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Selling Compliance to All Stakeholders

Major Challenges for Compliance Officers

Compliance officers are not tasked solely with developing the seven standard elements of a compliance program. Another significant challenge involves changing and embracing the culture of the organization, which requires much effort. Whether you call it preaching or selling, it amounts to the same effort; without gaining widespread buy-in and support, no compliance program can become effective. Indeed, this was the very topic at a recent roundtable meeting of top healthcare compliance experts. These leaders focused their comments on the various stakeholders within an organization that must be sold on compliance.

    1. The Board. Carrie Kusserow, MA, CHC, CHPC, CCEP, has 15 years of experience as a compliance officer and consultant and she sees the board of directors (“board”) as the biggest ‘sell’.  Once the board is sold on compliance, executive leadership will follow suit. The board should create a committee to act as the focal point for its compliance oversight. Compliance officers should stress the benefits of a successful program and the personal consequences that board members may be subject to for an unsuccessful program. The board should receive professional and informative presentations on their role and expectations in carrying out their responsibilities, and the personal liability risks for ignoring their fiduciary responsibilities. Let board members know that when the Department of Health and Human Services (HHS) Office of Inspector General (OIG) finds weak board oversight of compliance, the organization’s Corporate Integrity Agreement (CIA) will include a mandate for board members to sign and submit resolutions that attest to the compliance program’s status. The OIG may also require the board to engage compliance experts to assist them in their duties. Remember that board compliance education must be ongoing and presented in “bite size” pieces. It cannot be taught in one long presentation. The compliance message must be constantly reinforced, alongside recurring presentations about how the program is functioning and what improvements can be made.
    2. Executive Leadership. Al Bassett, JD, has over 35 years of compliance experience and knows the importance of successfully selling compliance to the organization’s executive leadership. Without their active support and commitment, the compliance officer will never be sufficiently empowered to effectively carry their message to others. Executive leadership must understand that the compliance program is a positive addition to the operations and management of organizations and not a negative hindrance. A key to achieving success with leadership is through an effective executive compliance committee, made up of executives and program managers. This group must be educated and sold on carrying out their compliance duties and obligations. It is important for executive leadership, and the compliance program, to evidence their involvement and actions in the meeting minutes. The Department of Justice (DOJ) underscored the importance of evidencing support of the compliance program in its Yates Memorandum, which focuses on executive involvement in fraud cases. Similarly, the OIG follows the Responsible Corporate Officers Doctrine, to find executives responsible for fraud arising from the dereliction of their duties. Additionally, there are CIAs that now require the CEO, COO, CFO, and other corporate officers to attest to and certify compliance.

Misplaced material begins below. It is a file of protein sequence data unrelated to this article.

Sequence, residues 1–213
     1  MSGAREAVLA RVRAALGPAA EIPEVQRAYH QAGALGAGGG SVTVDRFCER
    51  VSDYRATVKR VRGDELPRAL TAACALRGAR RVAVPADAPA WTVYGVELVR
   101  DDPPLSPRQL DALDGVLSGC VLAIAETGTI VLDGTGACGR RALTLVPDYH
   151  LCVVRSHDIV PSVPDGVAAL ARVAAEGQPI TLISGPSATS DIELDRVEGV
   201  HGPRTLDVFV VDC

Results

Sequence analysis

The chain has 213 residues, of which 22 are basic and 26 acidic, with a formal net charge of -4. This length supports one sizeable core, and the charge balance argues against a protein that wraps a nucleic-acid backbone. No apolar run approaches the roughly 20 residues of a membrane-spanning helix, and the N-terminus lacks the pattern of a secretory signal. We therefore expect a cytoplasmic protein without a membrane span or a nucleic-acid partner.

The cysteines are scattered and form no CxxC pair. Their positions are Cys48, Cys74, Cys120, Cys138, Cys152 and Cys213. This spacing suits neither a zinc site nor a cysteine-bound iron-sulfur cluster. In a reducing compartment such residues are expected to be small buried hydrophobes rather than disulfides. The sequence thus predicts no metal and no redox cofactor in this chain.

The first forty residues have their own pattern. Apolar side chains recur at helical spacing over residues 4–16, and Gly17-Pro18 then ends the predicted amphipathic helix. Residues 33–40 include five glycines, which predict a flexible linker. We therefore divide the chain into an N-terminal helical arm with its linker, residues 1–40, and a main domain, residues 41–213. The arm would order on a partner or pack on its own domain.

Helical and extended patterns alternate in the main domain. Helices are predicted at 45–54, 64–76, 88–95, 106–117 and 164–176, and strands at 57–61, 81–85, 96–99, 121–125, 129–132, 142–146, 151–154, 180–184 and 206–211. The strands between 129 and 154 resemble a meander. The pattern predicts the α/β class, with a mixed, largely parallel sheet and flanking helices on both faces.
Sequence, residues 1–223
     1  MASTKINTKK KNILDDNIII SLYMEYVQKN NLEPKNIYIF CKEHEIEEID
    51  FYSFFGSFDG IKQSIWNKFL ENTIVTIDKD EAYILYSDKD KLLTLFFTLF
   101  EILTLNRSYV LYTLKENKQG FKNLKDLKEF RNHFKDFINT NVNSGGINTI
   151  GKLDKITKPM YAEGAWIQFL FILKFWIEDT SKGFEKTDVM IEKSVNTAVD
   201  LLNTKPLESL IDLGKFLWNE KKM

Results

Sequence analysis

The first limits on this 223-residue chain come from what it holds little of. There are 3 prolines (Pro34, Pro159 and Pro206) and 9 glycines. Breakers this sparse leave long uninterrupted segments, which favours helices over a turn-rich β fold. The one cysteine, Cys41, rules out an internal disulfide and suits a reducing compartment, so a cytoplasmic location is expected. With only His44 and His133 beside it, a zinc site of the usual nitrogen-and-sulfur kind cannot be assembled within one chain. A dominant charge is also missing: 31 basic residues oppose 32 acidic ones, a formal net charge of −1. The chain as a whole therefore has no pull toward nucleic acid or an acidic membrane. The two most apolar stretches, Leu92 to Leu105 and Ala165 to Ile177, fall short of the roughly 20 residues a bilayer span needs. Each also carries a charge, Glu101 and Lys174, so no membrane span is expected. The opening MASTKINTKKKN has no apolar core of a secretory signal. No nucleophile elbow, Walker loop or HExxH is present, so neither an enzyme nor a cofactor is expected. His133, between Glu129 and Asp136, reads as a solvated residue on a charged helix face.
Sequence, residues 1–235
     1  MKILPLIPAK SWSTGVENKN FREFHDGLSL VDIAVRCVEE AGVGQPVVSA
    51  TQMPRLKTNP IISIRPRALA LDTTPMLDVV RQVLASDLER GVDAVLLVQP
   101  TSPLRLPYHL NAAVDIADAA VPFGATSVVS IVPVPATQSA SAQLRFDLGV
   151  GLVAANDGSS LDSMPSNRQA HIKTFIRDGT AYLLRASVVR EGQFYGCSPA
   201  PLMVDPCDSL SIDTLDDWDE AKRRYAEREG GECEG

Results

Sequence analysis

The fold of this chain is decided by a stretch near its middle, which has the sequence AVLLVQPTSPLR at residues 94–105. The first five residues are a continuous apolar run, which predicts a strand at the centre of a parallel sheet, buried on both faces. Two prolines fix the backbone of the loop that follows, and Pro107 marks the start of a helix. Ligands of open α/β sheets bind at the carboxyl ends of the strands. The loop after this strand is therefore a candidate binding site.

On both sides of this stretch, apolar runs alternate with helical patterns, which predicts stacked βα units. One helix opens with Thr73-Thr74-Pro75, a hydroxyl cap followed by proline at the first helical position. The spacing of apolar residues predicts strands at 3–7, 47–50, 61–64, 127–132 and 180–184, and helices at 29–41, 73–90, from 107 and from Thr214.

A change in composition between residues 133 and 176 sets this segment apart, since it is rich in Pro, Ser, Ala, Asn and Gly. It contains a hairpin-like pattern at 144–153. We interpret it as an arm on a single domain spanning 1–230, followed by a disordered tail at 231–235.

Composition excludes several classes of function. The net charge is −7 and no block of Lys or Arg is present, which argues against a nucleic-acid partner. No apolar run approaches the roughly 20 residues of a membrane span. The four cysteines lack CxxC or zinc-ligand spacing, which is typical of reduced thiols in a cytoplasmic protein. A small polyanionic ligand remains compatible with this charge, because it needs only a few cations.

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  1. Operational Management. Steve Forman, CPA, has over 30 years of healthcare compliance experience and points out that all program managers must be sold on their affirmative duty for ongoing monitoring of compliance risk areas related to their operations. Program managers must know that failing to do this can result in adverse events and potential liability for them and the organization. Program manager’s monitoring responsibilities include: (a) identifying all high-risks in their operational area; (b) keeping abreast of applicable regulations and rules affecting them; (c) providing up-to-date written guidance (policies/procedures) on compliance with those rules; (d) training their staff on the written guidance; and (e) monitoring to ensure that written guidance is being followed. Additionally, independent and ongoing auditing is required to verify that operational managers are carrying out these responsibilities and validate that these efforts are achieving the desired outcome. Both the monitoring and auditing of results must be shared with executive leadership and the board.